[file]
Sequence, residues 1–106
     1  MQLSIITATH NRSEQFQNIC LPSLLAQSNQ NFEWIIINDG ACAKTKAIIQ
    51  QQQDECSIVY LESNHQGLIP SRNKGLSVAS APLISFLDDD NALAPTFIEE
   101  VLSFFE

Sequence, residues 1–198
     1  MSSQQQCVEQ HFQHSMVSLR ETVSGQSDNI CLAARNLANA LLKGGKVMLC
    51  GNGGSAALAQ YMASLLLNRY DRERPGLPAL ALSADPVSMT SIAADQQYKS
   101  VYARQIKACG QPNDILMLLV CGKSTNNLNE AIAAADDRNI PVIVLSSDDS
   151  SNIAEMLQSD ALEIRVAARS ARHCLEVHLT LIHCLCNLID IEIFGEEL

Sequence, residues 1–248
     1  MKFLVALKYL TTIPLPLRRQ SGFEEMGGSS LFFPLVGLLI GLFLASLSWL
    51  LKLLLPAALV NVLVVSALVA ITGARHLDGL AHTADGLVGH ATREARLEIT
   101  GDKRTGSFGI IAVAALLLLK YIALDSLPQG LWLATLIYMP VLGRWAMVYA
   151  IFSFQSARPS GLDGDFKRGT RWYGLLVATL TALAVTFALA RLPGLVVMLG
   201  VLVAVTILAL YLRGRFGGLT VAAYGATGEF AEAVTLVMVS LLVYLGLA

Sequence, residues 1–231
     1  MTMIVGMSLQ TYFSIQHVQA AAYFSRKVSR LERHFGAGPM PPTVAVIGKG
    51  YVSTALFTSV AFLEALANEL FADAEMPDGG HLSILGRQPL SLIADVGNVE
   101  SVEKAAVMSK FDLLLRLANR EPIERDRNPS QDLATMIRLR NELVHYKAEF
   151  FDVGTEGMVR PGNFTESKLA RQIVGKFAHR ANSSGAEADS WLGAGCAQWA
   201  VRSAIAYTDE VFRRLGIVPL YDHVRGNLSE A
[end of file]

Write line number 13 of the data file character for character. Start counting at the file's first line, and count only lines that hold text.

   101  GDKRTGSFGI IAVAALLLLK YIALDSLPQG LWLATLIYMP VLGRWAMVYA